Given Facebook’s history when it comes to consumer privacy and policing content, you might question Mark Zuckerberg's sincerity when, during Facebook’s annual shareholders’ meeting, he expressed the need for more government regulation.
I, for one, am willing to take him at his word. I do so not because I’m naïve, but because I think we have reached a major inflection point where the tolerance for issues surrounding the dominant platforms like Facebook and Google have reached the boiling point.
The drumbeat for regulation of big tech has come from the likes of former Obama Federal Communications Commission Chairman, Tom Wheeler, and Democratic Party presidential hopeful, Elizabeth Warren, who advocates the break-up of big tech and even bought a campaign billboard in San Francisco to that effect.
While it wouldn’t be surprising if Mr. Zuckerberg’s openness to regulation is simply a PR move to appease these strident, influential voices, it should also not be a surprise if there is a baseline of sincerity, including his endorsement of data portability. Perhaps, he’s finally come to the sobering realization that Facebook fully realizing its marketplace potential may require a more self-critical and corrective lens.
As the industry sorts out the best way forward, adtech companies themselves should be engaged in their own soul-searching. The recent spate of adtech failures have many pundits wondering if adtech companies can be competitive in the world of dominant walled gardens.
I believe we have an opportunity to rewrite the current narrative of uncertainty in favor of a second chapter marked by growth and more credibility.
Sizmek, performance metrics, and the path forward
As a European, I’m accustomed to a stricter regulatory business environment, so all of this saber-rattling in the US is not new to me. While many of my American colleagues may recoil at the thought of increased regulation, the net effect, I predict, could be salutary for the entire marketplace.
The trail of antitrust chatter that has come with this renewed cry for regulation is waking us up to the idea that market dominance by just a few large players is not a healthy scenario. Is it possible that acquisitive vertical integration as practiced by Google (DoubleClick, YouTube, Android, Adsense and Waze) and Facebook (Instagram and WhatsApp) may no longer be tolerated?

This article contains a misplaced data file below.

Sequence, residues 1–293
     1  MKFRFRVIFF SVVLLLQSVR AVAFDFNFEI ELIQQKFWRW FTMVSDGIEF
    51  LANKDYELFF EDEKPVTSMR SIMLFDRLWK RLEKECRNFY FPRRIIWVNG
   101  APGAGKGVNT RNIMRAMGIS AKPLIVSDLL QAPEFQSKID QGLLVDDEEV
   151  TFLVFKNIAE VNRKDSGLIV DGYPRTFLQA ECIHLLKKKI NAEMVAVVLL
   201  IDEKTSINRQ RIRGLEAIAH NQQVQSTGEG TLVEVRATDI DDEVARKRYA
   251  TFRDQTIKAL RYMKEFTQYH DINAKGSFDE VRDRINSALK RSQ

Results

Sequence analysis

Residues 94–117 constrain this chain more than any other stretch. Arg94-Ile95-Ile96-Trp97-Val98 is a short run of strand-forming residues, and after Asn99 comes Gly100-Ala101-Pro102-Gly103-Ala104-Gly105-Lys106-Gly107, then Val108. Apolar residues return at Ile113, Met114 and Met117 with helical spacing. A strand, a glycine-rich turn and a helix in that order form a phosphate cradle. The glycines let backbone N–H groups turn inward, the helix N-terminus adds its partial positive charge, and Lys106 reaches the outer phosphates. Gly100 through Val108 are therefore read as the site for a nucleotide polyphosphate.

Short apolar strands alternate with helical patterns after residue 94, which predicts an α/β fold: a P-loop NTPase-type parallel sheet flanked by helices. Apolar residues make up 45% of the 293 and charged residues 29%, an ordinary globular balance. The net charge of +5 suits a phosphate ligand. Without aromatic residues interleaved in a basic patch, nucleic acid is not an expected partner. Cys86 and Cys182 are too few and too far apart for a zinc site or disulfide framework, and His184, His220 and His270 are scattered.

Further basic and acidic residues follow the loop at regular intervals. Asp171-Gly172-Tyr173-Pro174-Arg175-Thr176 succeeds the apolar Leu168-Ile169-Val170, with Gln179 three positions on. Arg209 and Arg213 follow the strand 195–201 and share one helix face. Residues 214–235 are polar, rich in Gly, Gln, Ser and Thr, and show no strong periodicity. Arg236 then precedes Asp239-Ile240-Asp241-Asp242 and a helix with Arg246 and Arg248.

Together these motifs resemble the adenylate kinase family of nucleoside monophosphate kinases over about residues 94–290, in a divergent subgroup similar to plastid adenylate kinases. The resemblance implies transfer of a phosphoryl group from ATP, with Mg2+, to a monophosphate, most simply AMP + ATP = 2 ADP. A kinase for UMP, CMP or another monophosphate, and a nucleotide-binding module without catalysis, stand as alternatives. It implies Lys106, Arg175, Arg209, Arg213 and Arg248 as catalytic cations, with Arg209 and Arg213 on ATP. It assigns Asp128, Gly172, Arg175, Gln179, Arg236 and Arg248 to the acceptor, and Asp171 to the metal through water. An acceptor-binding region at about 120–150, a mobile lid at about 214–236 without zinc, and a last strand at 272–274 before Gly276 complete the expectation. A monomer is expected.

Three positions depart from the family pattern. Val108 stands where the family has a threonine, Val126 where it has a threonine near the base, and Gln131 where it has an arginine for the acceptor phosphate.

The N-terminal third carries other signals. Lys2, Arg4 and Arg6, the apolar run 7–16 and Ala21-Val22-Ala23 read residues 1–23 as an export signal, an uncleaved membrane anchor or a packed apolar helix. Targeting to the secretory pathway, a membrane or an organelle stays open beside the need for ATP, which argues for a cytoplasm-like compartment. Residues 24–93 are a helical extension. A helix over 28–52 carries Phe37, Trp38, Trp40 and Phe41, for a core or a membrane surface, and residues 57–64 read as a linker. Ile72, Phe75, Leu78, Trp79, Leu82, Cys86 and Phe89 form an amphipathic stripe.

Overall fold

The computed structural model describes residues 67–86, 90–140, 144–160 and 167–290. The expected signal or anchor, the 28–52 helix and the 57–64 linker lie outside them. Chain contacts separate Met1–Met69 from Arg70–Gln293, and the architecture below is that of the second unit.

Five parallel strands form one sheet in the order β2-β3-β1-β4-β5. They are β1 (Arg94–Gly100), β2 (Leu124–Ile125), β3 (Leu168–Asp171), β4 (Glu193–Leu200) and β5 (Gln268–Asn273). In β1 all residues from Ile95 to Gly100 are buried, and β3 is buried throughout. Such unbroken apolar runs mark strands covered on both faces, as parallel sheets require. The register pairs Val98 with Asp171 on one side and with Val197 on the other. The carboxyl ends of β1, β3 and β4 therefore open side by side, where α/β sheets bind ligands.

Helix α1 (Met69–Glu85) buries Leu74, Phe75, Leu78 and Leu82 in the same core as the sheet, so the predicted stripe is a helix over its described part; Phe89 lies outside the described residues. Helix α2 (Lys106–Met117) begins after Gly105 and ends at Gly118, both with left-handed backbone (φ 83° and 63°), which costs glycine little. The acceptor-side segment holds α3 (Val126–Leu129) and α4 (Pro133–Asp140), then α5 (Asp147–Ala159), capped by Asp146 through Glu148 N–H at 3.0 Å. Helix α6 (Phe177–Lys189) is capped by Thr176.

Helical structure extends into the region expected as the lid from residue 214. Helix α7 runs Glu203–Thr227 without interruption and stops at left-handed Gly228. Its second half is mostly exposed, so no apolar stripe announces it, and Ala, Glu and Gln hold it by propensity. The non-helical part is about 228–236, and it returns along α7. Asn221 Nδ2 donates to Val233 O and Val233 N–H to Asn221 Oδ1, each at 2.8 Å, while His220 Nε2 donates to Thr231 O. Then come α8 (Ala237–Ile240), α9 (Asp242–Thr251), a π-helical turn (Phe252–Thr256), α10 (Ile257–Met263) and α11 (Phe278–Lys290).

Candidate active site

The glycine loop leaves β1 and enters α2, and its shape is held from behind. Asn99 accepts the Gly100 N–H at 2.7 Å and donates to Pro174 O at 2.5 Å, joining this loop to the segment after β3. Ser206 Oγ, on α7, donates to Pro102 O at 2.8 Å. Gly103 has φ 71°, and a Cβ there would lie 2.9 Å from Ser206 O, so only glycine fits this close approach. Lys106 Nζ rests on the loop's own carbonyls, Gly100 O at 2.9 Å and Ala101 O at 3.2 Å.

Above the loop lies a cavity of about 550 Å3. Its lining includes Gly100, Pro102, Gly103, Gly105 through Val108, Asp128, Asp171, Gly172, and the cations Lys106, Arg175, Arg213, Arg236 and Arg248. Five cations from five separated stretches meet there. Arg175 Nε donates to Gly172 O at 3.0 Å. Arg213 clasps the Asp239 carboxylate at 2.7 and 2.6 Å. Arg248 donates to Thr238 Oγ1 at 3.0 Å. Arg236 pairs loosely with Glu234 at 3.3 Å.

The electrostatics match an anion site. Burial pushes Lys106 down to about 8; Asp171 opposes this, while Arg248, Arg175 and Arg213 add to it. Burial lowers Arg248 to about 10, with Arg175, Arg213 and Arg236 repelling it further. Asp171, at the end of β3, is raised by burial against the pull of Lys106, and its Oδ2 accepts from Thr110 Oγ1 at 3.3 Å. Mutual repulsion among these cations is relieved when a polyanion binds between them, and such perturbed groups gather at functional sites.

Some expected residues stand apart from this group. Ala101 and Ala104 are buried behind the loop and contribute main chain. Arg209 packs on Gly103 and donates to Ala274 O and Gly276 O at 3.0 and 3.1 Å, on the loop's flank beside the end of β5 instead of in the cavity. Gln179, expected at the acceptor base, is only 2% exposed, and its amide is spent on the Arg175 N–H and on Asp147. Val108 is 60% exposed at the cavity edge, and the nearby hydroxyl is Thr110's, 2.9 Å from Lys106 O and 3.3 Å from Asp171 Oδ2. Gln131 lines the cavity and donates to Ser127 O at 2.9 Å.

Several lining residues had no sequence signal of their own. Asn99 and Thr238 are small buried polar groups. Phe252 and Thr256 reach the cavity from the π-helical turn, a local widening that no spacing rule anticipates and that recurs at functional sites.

The adtech sector has also experienced consolidation and diminished funding as the pendulum has swung further in the direction of the walled gardens. The irrational exuberance that governed much of the adtech funding during the past decade led to the propping up of shallow point solutions that ultimately didn’t deliver value while contributing to the complex, bloated supply chain.
Many struggling adtech companies are quick to finger the duopoly plus Amazon as bullies, who ruthlessly exert their brute force to mold the marketplace to their advantage. These smaller companies also need to take a hard look at the mirror and ask themselves, “But did we really deliver value to our clients?” — the advertiser or the publisher. Too many players in programmatic touted formats and inventory when, at the end of the day, all marketers ever cared about was performance and business outcomes.
One needs to look no further than the recent news about Sizmek. While nowhere near as big as the walled gardens, the company had achieved a relative level of scale that was the envy of many companies that have been consolidated. Yet, here we are in 2019, with Sizmek rescued from bankruptcy by Amazon, and with many predicting the deal as Jeff Bezos’s way to more fiercely compete with Google.
What would have happened to Sizmek’s fortunes if it had taken a more methodical and thoughtful approach to scaling its business with a primary focus on the delivery of value to the advertiser? Would that approach have created a more sustainable path, leaving the company in the good graces of investors and industry players?
As adtech players bemoan the dominance of the walled gardens, the irony is that the blueprint for relevance and success has been forged by Facebook and Google, who at their core, are companies that are intent on one thing: performance.
Adtech 2.0 should learn from this and focus on business outcomes rather than on the vanity media-based KPIs that are misguided metrics for measuring success for brands. Once adtech companies recommit themselves to this modus operandi, the quicker our sector will renew itself, and the louder and prouder we will be able to proclaim our own future success stories.
Christophe Collet is chief executive and founder of S4M